If a priest’s daughter marries anyone other than a priest, she may not eat any of the sacred contributions.
But if a priest’s daughter becomes a widow or is divorced, yet has no children, and she returns to live in her father’s household as in her youth, she may eat her father’s food. No unauthorized person, however, may eat it.
“ ‘Anyone who eats a sacred offering by mistake must make restitution to the priest for the offering and add a fifth of the value to it.
The priests must not desecrate the sacred offerings the Israelites present to the LORD
by allowing them to eat the sacred offerings and so bring upon them guilt requiring payment. I am the LORD, who makes them holy.’ ”
The LORD said to Moses,
“Speak to Aaron and his sons and to all the Israelites and say to them: ‘If any of you—whether an Israelite or a foreigner residing in Israel—presents a gift for a burnt offering to the LORD, either to fulfill a vow or as a freewill offering,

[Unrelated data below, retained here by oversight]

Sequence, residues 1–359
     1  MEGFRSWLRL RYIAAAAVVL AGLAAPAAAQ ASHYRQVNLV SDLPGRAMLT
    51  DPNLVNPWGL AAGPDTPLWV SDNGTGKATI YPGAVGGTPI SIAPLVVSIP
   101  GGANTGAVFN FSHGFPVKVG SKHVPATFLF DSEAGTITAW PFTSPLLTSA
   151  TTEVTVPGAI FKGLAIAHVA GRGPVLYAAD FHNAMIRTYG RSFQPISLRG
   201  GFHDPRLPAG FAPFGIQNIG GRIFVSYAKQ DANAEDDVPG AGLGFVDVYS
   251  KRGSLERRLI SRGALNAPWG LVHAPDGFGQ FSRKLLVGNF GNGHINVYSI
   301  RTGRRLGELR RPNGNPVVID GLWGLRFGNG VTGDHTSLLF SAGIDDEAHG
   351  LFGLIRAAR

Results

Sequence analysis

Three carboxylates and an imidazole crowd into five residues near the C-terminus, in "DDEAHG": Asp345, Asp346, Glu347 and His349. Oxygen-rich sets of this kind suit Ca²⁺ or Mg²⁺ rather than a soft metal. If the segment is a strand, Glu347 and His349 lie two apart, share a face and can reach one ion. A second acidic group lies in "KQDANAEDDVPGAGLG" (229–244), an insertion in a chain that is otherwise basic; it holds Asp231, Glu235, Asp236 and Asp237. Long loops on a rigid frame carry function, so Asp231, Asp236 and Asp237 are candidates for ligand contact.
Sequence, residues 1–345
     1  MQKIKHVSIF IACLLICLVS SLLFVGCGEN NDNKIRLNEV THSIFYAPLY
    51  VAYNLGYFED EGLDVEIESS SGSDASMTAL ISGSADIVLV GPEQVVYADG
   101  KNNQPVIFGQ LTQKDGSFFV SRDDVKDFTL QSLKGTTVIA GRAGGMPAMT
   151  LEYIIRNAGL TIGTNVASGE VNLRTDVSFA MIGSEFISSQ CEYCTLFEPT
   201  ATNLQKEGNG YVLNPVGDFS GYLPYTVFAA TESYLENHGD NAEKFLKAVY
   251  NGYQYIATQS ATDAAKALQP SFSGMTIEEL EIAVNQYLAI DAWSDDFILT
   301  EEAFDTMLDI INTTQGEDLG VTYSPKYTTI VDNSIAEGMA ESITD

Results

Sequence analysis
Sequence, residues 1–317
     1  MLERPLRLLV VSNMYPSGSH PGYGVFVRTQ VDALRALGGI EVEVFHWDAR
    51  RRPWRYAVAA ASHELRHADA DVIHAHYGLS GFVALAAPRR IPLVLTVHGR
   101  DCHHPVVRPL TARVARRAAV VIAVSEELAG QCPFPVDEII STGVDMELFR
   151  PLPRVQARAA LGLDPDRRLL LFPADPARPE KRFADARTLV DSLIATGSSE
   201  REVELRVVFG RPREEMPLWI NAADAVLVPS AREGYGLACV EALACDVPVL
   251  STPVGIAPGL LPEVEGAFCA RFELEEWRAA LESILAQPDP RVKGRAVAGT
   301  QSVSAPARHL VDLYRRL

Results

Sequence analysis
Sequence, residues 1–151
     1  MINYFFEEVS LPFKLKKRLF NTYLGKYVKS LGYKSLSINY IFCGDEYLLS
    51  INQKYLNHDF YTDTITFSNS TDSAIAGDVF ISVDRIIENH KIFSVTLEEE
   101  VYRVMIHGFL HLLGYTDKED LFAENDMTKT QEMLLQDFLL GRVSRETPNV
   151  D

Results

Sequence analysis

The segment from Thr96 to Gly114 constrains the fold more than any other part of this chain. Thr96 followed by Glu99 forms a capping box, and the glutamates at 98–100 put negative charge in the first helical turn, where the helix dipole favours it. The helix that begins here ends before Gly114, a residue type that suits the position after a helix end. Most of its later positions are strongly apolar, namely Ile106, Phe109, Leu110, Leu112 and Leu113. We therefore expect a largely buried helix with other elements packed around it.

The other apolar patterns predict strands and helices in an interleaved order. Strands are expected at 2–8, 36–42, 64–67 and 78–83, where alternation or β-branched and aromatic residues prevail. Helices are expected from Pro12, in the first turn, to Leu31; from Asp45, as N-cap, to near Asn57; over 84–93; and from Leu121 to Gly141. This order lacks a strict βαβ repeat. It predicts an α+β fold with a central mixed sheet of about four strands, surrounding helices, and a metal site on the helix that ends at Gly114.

you must present a male without defect from the cattle, sheep or goats in order that it may be accepted on your behalf.
Do not bring anything with a defect, because it will not be accepted on your behalf.
When anyone brings from the herd or flock a fellowship offering to the LORD to fulfill a special vow or as a freewill offering, it must be without defect or blemish to be acceptable.
Do not offer to the LORD the blind, the injured or the maimed, or anything with warts or festering or running sores. Do not place any of these on the altar as a food offering presented to the LORD.